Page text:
Great question, Adina! I use canned pumpkin and fresh pumpkin interchangeably with great success. The most important thing would be to make sure the fresh puree has the same thickness and moisture content as the canned pumpkin. Fresh pumpkin tends to have more moisture. Roasting the pumpkin removes some of the moisture. Also some varieties of pumpkin/squash have more moisture than others, so choosing a less watery pumpkin like butternut squash or kabocha squash will result in a thicker puree. If your puree is more watery you can strain it over cheese cloth for about an hour until it reaches the right consistency. Another tip would be to cook the puree over medium heat, stirring often, until it thickens. This also deepens the pumpkin flavor. According to the USDA, at the proper density, one cup of pumpkin puree should weigh 245 grams.
Hi! So the recipe calls for pumpkin purée have you used just canned pumpkin for this recipe? I ask because squash can be hard to come by where I’m from and if they do have it at the store it looks a bit off.
Yes, Andrea, canned pumpkin works just fine in this recipe. In my Pumpkin Pie Challenge, I also made this pie with canned pumpkin. While the taste testers preferred the fresh pumpkin, the canned pumpkin pie was delicious as well. Canned pumpkin is definitely the way to go if you're not sure about the quality of the pumpkin or squash you find. One advantage of canned pumpkin is that its quality is consistent. Thanks for stopping by!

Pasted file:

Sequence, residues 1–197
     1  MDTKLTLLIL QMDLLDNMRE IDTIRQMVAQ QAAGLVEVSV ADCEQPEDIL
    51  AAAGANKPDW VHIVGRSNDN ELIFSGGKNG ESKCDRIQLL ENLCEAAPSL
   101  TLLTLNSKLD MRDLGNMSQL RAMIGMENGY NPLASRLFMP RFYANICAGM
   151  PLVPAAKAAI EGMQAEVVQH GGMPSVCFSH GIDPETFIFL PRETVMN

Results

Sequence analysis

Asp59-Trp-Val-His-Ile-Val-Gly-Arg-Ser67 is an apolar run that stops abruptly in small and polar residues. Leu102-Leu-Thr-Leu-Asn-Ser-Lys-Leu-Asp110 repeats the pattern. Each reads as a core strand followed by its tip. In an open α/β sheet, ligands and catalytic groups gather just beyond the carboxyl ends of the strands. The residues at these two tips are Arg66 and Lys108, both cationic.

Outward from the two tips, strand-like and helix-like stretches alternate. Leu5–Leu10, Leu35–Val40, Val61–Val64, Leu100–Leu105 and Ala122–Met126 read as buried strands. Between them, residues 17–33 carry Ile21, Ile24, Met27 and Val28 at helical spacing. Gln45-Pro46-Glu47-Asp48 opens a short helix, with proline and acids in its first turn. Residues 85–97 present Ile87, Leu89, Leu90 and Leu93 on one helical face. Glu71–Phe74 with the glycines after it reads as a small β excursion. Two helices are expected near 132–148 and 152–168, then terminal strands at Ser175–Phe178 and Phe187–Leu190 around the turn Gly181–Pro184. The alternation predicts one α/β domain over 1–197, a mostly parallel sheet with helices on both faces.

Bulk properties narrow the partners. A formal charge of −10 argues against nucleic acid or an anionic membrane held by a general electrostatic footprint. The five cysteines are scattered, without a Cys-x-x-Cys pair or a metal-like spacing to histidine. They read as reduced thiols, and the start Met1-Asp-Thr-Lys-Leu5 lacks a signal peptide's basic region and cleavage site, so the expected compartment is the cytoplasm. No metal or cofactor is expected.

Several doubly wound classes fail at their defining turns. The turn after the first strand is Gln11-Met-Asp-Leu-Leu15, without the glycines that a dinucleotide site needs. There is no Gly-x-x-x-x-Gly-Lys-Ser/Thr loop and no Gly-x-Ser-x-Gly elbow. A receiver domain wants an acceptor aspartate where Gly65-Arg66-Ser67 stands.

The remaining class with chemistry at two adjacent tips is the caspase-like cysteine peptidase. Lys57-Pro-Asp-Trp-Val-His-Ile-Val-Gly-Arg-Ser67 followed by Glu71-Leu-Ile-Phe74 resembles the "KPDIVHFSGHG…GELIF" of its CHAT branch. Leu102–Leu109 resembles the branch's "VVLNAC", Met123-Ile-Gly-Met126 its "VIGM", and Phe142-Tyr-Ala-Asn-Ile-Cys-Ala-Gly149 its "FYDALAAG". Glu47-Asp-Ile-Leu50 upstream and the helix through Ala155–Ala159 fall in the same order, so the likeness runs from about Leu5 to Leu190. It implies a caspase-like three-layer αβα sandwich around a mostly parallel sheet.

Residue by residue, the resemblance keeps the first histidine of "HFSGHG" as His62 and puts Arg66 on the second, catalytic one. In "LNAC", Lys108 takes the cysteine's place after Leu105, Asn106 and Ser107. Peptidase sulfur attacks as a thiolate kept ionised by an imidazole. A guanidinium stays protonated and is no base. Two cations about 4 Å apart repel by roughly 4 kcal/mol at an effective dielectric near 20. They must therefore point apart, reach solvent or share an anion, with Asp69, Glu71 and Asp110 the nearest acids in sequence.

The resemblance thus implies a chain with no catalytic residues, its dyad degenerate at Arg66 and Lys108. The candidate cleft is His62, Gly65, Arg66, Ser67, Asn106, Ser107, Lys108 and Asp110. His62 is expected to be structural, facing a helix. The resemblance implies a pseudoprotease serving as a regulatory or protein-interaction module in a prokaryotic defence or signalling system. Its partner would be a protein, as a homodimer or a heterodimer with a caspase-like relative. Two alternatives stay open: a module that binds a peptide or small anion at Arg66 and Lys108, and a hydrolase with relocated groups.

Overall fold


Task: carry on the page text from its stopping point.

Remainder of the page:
I was at my vegetable stand today on the lookout for a Kabocha squash. None to be found or even one similar, but my friendly vegetable provider has said she'll order some. So, I can now have pumpkin pie for Christmas dinner and it'll be your pumpkin pie recipe I use. Thanks for the informative series.
Such an honor to be at your holiday table, Ron! Hope you enjoy it!
Dawn - Girl Heart Food says
This looks incredibly smooth, creamy and straight up delicious, Kelly!! I wish I was taste testing pie right now 😉 Such a great experiment!
Thanks so much, Dawn! I'm doing another mini pumpkin pie experiment at my family's on Thanksgiving. Still have to convince my dad!
Stacey @ The Sugar Coated Cottage says
What a great challenge! I will have to try this version with the squash because I love a really intense pumpkin flavor. The texture looks like perfection and so does that crust. Take care.
Thanks so much, Stacey! The taste and texture were awesome!
Laura Dembowski says
I love that you did a test to find out the best pumpkin pie. What an awesome idea!
Thanks so much, Laura! I figured it was the only way to know for sure which made the best pie 🙂
My sweet tooth can hardly stand it either! Why are your layers always so perfect?
Thanks so much, Carly!
Ok, after sending you a comment over my first pie being a bit bland, 1st I changed from light brown sugar to dark, upped the amt of spices just a bit, added a little allspice & then topped with a homemade vanilla whipped topping! I won my first pie contest! One of the ladies said they try not to make any facial expressions but my pie was too delicious Thank You!!!
Congratulations, MaryAnne! I'm so happy to hear that!